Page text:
previous meeting(s). Each item is done separately,
  discussed, then it should be made into a motion and
  voted upon.
• New Business - Any member may bring up new
• Adjourning – If all business has be concluded, the chair
  may adjourn the meeting without a motion. If there is still
  pending business a motion must be made and carried by
  the majority.

Minutes should contain mainly what was done at the
  meeting, not what was said.

First paragraph should contain
• Kind of meeting
• Name of Organization
• Date, time and place of meeting
• Name of presiding officer
• How the minutes of the previous meeting were handled
   (i.e. “as read, as corrected, as published, etc”)

• Each subject should be done in a separate paragraph. In
  the case of all important motions, the name of the mover
  should be shown and
   – Exact wording of the motion
   – Disposition of the motion including any amendments
   – All points of order whether it was passed or lost

• The last paragraph should state the time of adjournment
• The name of the seconder of a motion should not be
  entered in minutes unless ordered by the group.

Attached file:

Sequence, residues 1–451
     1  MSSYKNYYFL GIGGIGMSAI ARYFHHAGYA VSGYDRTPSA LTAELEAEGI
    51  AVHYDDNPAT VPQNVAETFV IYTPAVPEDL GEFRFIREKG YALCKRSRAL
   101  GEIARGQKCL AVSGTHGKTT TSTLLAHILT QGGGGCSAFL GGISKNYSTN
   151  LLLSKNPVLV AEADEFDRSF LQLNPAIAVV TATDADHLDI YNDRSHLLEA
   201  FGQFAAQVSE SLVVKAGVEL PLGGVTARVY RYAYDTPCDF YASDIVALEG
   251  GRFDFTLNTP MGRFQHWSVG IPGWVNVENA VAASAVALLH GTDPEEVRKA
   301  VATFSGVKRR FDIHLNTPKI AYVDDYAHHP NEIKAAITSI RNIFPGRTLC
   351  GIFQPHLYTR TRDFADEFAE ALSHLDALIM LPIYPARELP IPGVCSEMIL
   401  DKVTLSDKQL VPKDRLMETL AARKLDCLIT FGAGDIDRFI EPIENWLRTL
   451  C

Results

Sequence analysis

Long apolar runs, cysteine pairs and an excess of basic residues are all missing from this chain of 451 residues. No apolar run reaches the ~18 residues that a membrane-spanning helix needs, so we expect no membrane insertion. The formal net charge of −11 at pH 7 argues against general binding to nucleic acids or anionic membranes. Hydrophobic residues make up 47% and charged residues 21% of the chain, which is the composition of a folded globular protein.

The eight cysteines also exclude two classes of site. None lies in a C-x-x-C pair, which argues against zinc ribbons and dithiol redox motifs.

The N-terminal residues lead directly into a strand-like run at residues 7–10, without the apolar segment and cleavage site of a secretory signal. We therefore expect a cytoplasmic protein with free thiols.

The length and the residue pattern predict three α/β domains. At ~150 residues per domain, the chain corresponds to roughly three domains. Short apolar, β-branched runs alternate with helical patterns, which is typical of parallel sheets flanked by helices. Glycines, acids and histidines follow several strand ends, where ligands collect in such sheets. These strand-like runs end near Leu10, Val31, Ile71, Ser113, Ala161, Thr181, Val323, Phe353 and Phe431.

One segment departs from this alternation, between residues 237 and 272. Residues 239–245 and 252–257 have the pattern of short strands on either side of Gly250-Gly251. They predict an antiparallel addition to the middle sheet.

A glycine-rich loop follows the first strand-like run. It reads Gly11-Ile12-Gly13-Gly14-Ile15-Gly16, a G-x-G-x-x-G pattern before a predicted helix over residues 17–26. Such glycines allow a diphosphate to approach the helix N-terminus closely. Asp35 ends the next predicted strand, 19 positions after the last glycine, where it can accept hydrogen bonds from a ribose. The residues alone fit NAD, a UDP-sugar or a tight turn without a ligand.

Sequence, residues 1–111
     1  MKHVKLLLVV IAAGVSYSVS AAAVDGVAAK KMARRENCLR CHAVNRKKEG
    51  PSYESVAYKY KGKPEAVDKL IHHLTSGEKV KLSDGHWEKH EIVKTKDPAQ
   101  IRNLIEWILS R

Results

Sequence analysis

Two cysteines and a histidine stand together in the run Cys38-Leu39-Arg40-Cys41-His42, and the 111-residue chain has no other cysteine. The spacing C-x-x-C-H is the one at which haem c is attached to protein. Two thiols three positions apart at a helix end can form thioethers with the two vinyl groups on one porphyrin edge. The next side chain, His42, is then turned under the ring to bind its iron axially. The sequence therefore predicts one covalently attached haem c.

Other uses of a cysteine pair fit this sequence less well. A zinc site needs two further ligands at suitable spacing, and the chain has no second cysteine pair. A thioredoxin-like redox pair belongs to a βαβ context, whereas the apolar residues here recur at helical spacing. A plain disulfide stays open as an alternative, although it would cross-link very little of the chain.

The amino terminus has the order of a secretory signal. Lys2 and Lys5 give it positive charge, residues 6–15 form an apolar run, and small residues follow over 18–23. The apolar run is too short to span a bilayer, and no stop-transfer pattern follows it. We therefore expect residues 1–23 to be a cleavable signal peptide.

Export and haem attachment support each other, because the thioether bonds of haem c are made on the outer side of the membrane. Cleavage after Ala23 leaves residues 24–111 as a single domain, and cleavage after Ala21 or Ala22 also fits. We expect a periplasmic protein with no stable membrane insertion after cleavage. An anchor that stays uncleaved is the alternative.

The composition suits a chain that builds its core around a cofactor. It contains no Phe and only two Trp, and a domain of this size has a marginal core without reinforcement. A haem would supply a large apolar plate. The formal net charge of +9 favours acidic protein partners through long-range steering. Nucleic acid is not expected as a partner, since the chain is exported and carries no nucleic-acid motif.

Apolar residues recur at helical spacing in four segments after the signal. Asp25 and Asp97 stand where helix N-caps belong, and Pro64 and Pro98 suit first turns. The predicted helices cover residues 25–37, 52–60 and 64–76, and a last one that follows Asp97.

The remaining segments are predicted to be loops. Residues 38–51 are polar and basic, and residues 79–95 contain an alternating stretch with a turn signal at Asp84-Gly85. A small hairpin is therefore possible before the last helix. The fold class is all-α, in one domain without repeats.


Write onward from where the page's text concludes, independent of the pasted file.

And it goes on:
• When a count is ordered or a vote by ballot, the number
  of votes on each side are entered.
• Name and subject of guest speaker can be given, but do
  not summarize the speaker’s remarks.
• Minutes should be signed by the secretary. “Respectfully
  submitted” is no longer used.

                    Treasurer Report
Report is in written form and should show:
• Ending date of report
• Balance on hand as of that date
• Receipts – each listed separately and then a total
• Disbursements – each listed separately and then a total
• Balance on hand

No vote is taken on the report. It is filed for audit.

                      Report of the Treasurer
                        (Name of Group)
Balance on hand as of January 1, 2011           $1,200.00
   Member dues                     $300.00
   Proceeds from Bake Sale         $ 75.00
         Total Receipts                         $ 375.00
                 Total                          $1,575.00

   Postage                        $ 25.00
   Stationery                     $100.00
         Total Disbursement                     $ 125.00

Balance on hand as of January 31, 2011          $1,450.00